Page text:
How Does Our Sense of Taste Work?

Taste is quite natural to all of us. But how exactly the sense of taste works remains still a query. Well, there are present taste receptors in the taste buds of our tongue, which help us to identify five different kinds of flavors – sweet, salty, bitterness, sourness, and umami. Known as primary taste flavors, generally, this is what we associate with taste.

The generic process by which taste buds function:

However, the concept of taste goes much beyond it. It starts with perceiving the food item by identifying certain molecular changes. These are then chemically recognized, which triggers some sort of signal to the brain. The brain then makes certain decisions and responds back to the food molecules. The sense of smell also plays a major role here, as smell add in to the perception. For example, a sweet food item may generate likeliness while something bitter may respond reluctantly. In fact, there are reports, which state that brains can respond to one kind of food in a certain way while with others, it could be normal.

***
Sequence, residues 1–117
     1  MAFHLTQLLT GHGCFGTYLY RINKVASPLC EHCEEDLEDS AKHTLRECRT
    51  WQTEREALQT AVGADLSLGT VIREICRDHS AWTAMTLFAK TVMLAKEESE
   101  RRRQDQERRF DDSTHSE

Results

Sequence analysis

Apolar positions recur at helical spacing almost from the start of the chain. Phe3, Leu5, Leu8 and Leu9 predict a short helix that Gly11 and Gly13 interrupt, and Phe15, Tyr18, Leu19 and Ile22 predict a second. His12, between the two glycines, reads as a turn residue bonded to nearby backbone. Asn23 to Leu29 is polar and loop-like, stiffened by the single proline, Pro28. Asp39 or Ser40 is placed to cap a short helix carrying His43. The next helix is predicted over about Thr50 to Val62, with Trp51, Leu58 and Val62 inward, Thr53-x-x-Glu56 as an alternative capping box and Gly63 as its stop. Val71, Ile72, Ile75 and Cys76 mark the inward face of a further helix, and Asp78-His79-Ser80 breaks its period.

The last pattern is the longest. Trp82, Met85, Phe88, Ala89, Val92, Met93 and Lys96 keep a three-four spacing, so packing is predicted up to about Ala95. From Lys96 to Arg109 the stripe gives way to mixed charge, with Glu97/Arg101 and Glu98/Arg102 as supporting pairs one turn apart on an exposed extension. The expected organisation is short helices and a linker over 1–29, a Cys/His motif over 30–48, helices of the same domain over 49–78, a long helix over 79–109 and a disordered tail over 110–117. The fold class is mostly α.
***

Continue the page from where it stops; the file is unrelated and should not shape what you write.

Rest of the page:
When does taste bud stop functioning?

While taste buds generally respond in a proper manner, many times we sense a loss of taste. This could be due to umpteen reasons. One could be the age factor. The taste receptors functioning in general start depleting after a certain age, which, in turn, results in loss of appetite. The other reason why the taste buds are not working could be cold and running nose. During this time, the olfactory organs stop working for a temporary amount of time. Since the sense of smell is related also contributes to the sense of taste, one cannot identify different flavors. While age factor is something, which cannot be done away with, cold and sneezing can be treated post which the taste buds start performing normally.

Taste is a gift from God and truly serves as one of the basic organs for functioning!

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